– thinner or fatter?  the same, but with more muscles.  And I hate to be vain, but I love it!  I've never really had defined muscles and now my arms are pretty awesome.  Well, not right NOW, I haven't been able to do Zumba for two months, but they WERE looking good and they will again. 
– richer or poorer? We have about the the same amount of money in our bank accounts but I'll say we're richer because we no longer own a house that is worth $200,000 less than the mortgage.  Having that weight off our shoulders feels good.

16. What do you wish you’d done more of?

More writing, more dates with G$, read more books.  Pretty much the same list as last year.  I'm starting to get depressed.  I've got to moving on these things.

17. What do you wish you’d done less of?

Watched less TV, worried less about crazy stuff

18. How did you spend Christmas?
Laying down and popping pills.  My surgery was on the 19th so I was still feeling pretty shitty on Christmas.  But it was still wonderful.  I love the holidays!  My brother and sister-in-law-to-be made a FABulous dinner on Christmas Eve at our house.  And now we have a big enough dining room for everyone to sit comfortably!  Finn totally understood Santa this year and we left him cookies and milk (and carrots for the reindeer of course).  And seeing his little face in the morning whne he saw that Santa left him what he asked for under the tree brought a  tear to my eye.  It was precious.  And Christmas morning at Greg's mom's house was my favorite yet.  So even though (or maybe because...) I was drugged up and laid out, it was wonderful.

19. What was your favorite TV program?
Pretty much the same ones as last year - The Amazing Race, Project Runway, Grey's Anatomy, Top Chef, Modern Family.  Two new shows I love?  Parenthood and The New Normal.
20. What were your favorite books of the year?
Fifty Shades of Grey.  Just kidding, I'm the one woman in America who hasn't even read it.  And doesn't want to.  I already feel insecure enough about my sex life thank you very much.  I just finished Middlesex.  I didn't LOVE it, but I thought it was so smart and interesting.  I can't remember anything else I read.  I didn't read enough that's for sure.

21. What was your favorite music from this year?

Nothing new.  Although I really loved listening to this kids Christmas CD with Finn.  We would dance after dinner every night and he would sing along and it was so adorable.  

22. What were your favorite films of the year?
I think the only movie I saw last year was "Girl With the Dragon Tattoo."  I LOVED the books.  And I thought the movie was very good.  Mara Roony (or is it Roony Mara?) is the perfect Lisbeth.  Now thatI think about it, did that movie come out in 2012 or 2011?  Oh Lord.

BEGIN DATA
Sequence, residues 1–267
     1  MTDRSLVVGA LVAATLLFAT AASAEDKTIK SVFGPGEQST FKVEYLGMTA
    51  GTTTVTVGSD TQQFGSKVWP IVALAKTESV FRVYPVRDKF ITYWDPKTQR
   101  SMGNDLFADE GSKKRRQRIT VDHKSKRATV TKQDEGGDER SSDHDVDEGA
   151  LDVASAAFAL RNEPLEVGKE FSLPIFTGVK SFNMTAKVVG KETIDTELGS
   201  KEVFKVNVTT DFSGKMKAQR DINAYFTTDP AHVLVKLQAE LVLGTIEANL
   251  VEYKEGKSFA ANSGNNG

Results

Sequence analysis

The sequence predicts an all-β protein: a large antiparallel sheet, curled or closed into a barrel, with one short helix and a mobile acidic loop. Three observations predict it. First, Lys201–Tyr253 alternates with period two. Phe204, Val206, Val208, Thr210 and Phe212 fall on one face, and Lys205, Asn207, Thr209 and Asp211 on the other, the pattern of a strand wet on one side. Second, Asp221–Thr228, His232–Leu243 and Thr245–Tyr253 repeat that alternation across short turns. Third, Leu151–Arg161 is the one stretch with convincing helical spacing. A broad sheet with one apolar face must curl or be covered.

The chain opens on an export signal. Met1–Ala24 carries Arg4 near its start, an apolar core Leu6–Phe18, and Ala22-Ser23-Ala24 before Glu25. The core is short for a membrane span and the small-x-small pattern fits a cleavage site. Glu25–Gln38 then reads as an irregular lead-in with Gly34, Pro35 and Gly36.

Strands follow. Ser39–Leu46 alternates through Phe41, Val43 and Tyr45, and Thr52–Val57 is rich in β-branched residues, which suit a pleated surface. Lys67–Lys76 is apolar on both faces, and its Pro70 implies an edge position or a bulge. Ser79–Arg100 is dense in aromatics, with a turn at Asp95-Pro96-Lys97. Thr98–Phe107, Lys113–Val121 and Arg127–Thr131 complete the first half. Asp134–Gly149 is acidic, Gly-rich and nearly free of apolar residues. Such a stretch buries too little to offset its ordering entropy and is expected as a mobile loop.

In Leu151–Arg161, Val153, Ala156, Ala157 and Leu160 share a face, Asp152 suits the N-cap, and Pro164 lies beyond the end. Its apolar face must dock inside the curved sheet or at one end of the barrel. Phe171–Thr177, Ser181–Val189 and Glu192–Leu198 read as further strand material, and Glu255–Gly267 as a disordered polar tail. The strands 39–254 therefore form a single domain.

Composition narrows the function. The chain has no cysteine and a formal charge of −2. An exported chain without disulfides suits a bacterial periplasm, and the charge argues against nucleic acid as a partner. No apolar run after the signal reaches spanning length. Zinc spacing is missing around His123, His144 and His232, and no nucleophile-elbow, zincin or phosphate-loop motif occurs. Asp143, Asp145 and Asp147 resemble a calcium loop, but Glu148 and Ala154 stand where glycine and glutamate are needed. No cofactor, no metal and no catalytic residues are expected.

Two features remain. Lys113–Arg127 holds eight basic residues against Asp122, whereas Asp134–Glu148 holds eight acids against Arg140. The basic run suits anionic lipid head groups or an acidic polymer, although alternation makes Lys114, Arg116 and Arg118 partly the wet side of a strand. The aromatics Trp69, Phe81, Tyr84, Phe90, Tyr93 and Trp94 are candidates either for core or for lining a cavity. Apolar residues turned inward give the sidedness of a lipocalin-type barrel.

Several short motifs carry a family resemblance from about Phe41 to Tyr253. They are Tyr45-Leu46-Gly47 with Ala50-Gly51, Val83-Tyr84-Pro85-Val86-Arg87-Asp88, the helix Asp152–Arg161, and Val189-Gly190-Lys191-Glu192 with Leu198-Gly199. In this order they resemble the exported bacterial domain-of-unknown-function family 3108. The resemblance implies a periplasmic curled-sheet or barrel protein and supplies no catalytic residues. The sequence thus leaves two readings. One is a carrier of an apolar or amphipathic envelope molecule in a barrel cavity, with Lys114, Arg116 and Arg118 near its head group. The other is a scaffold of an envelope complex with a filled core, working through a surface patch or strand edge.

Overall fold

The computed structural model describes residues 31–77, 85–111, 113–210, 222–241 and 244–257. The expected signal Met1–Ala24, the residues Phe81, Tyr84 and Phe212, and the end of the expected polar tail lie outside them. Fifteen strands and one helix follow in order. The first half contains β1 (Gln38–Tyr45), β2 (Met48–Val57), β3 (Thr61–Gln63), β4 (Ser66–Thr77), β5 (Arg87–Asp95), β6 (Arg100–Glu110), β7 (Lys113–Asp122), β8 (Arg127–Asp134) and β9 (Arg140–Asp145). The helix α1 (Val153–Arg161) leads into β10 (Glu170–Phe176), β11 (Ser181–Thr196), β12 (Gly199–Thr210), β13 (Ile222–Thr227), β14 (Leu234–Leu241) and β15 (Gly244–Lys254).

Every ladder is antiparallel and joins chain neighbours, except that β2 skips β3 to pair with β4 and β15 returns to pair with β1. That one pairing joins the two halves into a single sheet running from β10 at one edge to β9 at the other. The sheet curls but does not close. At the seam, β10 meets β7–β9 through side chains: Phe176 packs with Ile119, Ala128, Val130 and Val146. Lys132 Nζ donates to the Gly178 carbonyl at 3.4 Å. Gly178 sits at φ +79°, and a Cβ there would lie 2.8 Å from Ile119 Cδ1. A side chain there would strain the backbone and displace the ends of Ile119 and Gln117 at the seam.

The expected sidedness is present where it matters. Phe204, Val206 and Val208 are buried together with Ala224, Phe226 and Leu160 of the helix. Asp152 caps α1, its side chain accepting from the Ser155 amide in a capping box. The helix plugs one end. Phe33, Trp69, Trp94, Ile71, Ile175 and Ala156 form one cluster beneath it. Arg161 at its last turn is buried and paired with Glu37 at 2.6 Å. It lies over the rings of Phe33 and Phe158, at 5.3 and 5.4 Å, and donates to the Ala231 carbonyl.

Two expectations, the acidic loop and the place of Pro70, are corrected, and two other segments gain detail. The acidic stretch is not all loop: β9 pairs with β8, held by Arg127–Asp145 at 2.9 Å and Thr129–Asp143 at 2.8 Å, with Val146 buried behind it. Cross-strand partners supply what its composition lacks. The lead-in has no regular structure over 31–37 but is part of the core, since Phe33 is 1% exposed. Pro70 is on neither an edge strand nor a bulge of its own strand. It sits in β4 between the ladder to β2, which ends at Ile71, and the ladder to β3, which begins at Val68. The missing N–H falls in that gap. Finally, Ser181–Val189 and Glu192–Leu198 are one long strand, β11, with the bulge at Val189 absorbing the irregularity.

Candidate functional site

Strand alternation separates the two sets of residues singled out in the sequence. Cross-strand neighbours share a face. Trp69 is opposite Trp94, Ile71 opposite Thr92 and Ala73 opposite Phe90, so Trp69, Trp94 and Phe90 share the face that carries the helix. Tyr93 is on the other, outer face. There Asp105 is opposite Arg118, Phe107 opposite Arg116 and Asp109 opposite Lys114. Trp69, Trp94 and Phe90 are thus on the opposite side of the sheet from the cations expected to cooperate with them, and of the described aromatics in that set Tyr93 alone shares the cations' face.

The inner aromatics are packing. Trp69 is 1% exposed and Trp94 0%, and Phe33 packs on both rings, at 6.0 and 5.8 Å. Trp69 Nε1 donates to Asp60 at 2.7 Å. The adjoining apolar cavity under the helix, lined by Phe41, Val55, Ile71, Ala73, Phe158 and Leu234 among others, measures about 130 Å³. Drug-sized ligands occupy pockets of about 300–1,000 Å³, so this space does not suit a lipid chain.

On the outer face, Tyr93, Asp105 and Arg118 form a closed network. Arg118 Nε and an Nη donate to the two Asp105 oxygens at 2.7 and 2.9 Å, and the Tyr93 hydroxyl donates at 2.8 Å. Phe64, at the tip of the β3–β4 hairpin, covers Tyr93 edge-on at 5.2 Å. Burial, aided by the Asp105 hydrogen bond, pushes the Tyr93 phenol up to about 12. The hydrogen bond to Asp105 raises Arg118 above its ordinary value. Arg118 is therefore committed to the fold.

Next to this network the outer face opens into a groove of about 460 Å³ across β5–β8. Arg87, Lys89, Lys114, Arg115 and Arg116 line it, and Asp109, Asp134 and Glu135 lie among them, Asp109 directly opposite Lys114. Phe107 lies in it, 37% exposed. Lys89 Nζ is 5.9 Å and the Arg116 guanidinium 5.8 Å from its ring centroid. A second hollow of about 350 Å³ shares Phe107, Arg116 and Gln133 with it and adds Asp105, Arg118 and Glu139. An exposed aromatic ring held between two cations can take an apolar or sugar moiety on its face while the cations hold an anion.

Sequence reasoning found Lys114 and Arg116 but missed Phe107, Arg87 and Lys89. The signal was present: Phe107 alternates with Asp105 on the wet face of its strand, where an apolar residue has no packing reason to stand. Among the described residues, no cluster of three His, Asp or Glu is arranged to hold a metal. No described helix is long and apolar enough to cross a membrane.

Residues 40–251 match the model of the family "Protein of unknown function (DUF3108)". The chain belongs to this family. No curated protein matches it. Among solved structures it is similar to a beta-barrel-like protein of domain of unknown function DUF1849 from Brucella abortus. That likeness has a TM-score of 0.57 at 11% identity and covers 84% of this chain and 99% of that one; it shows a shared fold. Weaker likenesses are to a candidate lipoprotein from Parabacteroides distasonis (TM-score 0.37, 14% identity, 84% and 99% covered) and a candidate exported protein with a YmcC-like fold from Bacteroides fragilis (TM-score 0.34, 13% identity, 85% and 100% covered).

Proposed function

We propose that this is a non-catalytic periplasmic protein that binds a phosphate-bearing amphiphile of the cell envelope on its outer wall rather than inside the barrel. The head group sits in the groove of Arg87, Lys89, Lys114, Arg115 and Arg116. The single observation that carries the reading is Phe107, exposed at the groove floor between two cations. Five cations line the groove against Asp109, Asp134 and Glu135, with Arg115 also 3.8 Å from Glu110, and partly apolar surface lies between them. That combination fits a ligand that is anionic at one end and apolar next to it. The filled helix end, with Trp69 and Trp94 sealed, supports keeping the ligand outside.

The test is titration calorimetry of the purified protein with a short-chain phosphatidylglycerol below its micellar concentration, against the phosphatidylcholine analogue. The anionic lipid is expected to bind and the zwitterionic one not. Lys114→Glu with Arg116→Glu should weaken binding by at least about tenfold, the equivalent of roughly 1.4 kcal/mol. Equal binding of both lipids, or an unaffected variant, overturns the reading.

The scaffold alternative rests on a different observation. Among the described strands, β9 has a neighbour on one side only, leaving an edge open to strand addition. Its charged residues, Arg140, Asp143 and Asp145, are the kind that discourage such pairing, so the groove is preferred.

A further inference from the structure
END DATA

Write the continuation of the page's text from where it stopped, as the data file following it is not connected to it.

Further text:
23. What did you do on your birthday, and how old were you?
I turned 39, which means this year is the big 4-0.  I had dinner with some friends at one of my favorite restaurants.  It was a warm night and we ate out on the patio.  We had a couple cocktails, ate seafood and laughed and laughed.  It was great.

24. What one thing would have made your year immeasurably more satisfying?
Being pain free.  Having another baby.

25. How would you describe your personal fashion concept in 2012?
In two words: Yoga pants.  

26. What kept you sane?
my friends

27. Tell us a valuable life lesson you learned in 2012.

I'm not eloquent enough to accurately put into words the lesson I take away from 2012, but I'll try....

Life is hard.  Seriously, it just is.  And even when it's not particularly hard, it's still not EASY.  I pretty much have spent the end of 2012 and the beginning of 2013 laying around, recovering from my surgery and it's given me lots of time to think.  And as the end of the year approached, I started thinking about how 2012 was a rough one.  For me and for many of my friends and family.  We lost our house, found out that we will never get pregnant again, I had 2 wasn't the worst year of my life, but it had its challenges.  And the truth is, life feels like a challenge a lot of the time. And I don't think its going to get any easier.  Its possible its just going to get harder.   Am I the only one who feels this way?

But here's the lesson.  Good people, friends and family, are what make life worth living.  And I am lucky to have MANY good people in my life.  People who help me through the rough times.  People who are there to celebrate the good times.  And the good people in my life have taught me how to be a better person and a better friend.